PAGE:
Got you. And then on your pricing flexibility for next year's CapEx, are you focused on the spot prices or the 12 month futures? Or are you focused on really what the differentials are? It's Rockies is really sort of a flex area, is really the issue that's going to trigger decision the differential?

Mark G. Papa - Chairman and Chief Executive Officer

All but yes the differentials will play a part of it but we just... we are assuming correctly I hope that when Rockies Express starts up there's not a huge basis flow out between the Rockies and the rest of the country. So we are basically saying that if Henry Hub is $8 or $7 depending on the case that we are assuming some differentials between there and Rockies and Canada and so on and so forth but everything is predicated really on how the Henry Hub numbers.

Joe Allman - JP Morgan

And presumably if we get a spike in prices you will hedge some more and then you might be kind of in a midpoint of the 13% or 17% increase something like that.

Mark G. Papa - Chairman and Chief Executive Officer

Yes I mean you could almost interpolate if gas prices are $7.50 we would probably do 15% production growth. The gas prices are $9 I think you can probably assume what we are still going to do the 17% you can't... don't interpolate north of 17%.

Joe Allman - JP Morgan

Got you. I wanted that and then just comment just on other shale plays now you said your Northwest territories... what were you pursuing up there?

Loren M. Leiker - Senior Executive Vice President, Exploration

Northwest territories was really not a shale play at all. It's more of a conventional structural play involving Paleozoic carbonate reservoirs, and Paleozoic shale source rocks in conventional trusted traps. We drilled I think a total of about four wells out there, found two traps one gas, one oil plus common well... I should say one gas plus common trap [ph]. And appraised one of those and just feel like the results were not sufficient to make us go forward.

Joe Allman - JP Morgan

Okay. Can you comment on anything else that's going to... any other kind of play that especially shale play that you've got going on in Canada and how about West Texas any update on West Texas? Are there other any plays, I know you don't want to comment too much but can you give us an update?

Mark G. Papa - Chairman and Chief Executive Officer

The answer to Canada is no. The one play or plays were involved in or heavily competitive vis-à-vis acreage. And so we are not going to comment and the only comment we'll make on West Texas is we did announce on last quarter earnings call, that we had exited from the Culberson county play which was a much hype play. So we have no position in Culberson county. So you are not going to get any information out of us. We're not doing that to be catty, we're just doing it because these plays are very, very competitive and acreage is competitive and there is a lot of people who follow on EOG in trying to replicate us. So we've adopted a very, very confidential posture on these plays.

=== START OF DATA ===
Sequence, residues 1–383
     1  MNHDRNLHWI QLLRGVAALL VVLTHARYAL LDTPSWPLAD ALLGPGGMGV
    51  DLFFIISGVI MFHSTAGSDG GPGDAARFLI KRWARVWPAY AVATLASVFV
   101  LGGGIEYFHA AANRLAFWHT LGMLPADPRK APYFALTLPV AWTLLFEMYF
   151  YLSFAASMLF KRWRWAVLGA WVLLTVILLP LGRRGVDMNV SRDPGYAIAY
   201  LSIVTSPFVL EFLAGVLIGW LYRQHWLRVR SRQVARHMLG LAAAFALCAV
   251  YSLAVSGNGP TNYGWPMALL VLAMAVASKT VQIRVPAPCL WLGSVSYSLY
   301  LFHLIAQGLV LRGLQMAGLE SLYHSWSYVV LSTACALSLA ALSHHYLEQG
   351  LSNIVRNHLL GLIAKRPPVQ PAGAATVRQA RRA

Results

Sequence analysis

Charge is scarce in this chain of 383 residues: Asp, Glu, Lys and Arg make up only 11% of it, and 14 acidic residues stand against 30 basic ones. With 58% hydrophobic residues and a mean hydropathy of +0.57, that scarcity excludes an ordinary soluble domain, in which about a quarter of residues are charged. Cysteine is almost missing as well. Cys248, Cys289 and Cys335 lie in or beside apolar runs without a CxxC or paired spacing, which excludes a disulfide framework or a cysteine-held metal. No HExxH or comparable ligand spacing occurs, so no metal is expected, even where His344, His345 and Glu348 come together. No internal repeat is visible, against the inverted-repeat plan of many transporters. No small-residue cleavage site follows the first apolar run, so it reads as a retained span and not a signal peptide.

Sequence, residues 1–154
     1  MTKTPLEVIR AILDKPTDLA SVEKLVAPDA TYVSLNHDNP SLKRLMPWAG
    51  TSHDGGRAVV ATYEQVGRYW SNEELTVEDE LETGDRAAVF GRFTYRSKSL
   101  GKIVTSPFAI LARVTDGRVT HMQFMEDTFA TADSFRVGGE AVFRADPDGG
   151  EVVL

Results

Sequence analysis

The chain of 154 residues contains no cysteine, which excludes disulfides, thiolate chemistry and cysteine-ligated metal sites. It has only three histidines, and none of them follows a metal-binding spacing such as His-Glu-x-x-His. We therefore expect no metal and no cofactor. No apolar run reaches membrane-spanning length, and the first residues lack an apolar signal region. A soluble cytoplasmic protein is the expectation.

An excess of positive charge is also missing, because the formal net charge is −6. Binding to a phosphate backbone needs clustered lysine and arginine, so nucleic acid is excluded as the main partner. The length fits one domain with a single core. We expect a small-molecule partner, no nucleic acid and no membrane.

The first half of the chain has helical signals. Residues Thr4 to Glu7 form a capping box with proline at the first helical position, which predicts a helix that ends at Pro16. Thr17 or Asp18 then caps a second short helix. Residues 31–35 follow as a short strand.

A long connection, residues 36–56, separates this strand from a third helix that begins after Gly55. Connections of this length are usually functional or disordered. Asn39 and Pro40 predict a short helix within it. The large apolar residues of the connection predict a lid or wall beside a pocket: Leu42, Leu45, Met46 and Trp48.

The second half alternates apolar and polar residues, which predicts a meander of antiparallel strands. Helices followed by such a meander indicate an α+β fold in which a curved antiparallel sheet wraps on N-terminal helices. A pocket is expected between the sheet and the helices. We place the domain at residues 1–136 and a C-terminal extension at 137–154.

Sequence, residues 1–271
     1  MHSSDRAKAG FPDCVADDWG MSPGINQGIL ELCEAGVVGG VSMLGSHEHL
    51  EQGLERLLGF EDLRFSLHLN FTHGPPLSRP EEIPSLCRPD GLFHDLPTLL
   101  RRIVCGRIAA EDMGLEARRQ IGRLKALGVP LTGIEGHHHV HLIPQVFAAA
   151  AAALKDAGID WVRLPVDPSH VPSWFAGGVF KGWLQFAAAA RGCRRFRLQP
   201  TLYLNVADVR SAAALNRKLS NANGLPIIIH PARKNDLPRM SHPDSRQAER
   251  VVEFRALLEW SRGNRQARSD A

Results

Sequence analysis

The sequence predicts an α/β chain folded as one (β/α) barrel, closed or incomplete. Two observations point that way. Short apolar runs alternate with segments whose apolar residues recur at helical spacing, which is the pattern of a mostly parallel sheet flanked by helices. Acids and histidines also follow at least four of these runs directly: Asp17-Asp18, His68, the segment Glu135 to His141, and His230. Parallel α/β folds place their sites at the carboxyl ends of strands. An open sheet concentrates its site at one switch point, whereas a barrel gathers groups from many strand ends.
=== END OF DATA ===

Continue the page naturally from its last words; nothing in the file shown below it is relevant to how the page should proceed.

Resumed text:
Joe Allman - JP Morgan

That's smart and I appreciate that. Just a clarification on you talked about Appalachia, that divestiture. Is it 200 to 250 Bcf of proved reserves? And then you gave a number for the PUDs, I just want to clarify that.

Gary L. Thomas - Senior Executive Vice President, Operations

Yes, that was PDP proved.

Joe Allman - JP Morgan

200 to 250PDP and then so the... okay, the PUDs would be whatever percentage you gave 30% of the total which presumably the total is higher than that number.

Gary L. Thomas - Senior Executive Vice President, Operations

Yes if you use SEC, there is quite additional number of locations that can be drilled.

Joe Allman - JP Morgan

Okay. Got you, and then lastly any basis hedges at this point for 2008?

Mark G. Papa - Chairman and Chief Executive Officer

No we've no basis hedge taking place.

Joe Allman - JP Morgan

Got all right. Thank you very much.

Operator

And for our next question we will go to Joe Magner with Tristone.

Joseph Magner - Tristone Capital

Good morning. Just one more follow up on the Bakken if I may. My understanding is that there is a need for a gas gathering system up there. You are planning gas but limited by state restriction. Is that the case, how much is that curtailing current production? Is there a gathering system plan and if so when will that be complete?

Mark G. Papa - Chairman and Chief Executive Officer

Yes your information is correct. There is not a gas gathering system in place. We are building our own gas gathering system and it should be in place by the end of this year. And so it's not curtailing any current production right now and the gas should be going for sales by the end of the year.

Joseph Magner - Tristone Capital

Full production growth estimates factor that completion in for next year?

Mark G. Papa - Chairman and Chief Executive Officer